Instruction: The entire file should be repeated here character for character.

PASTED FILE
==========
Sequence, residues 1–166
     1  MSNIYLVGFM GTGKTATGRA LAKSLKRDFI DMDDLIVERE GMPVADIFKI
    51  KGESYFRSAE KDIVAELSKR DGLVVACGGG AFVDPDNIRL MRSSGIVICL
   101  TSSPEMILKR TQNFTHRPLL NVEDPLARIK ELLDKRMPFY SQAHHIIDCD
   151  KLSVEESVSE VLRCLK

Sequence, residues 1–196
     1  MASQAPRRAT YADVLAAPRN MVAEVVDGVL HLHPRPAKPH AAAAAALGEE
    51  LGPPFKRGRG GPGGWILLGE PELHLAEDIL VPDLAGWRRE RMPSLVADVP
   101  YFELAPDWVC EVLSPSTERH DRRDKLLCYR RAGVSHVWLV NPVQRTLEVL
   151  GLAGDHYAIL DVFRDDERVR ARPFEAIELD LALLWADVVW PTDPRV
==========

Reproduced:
Sequence, residues 1–166
     1  MSNIYLVGFM GTGKTATGRA LAKSLKRDFI DMDDLIVERE GMPVADIFKI
    51  KGESYFRSAE KDIVAELSKR DGLVVACGGG AFVDPDNIRL MRSSGIVICL
   101  TSSPEMILKR TQNFTHRPLL NVEDPLARIK ELLDKRMPFY SQAHHIIDCD
   151  KLSVEESVSE VLRCLK

Sequence, residues 1–196
     1  MASQAPRRAT YADVLAAPRN MVAEVVDGVL HLHPRPAKPH AAAAAALGEE
    51  LGPPFKRGRG GPGGWILLGE PELHLAEDIL VPDLAGWRRE RMPSLVADVP
   101  YFELAPDWVC EVLSPSTERH DRRDKLLCYR RAGVSHVWLV NPVQRTLEVL
   151  GLAGDHYAIL DVFRDDERVR ARPFEAIELD LALLWADVVW PTDPRV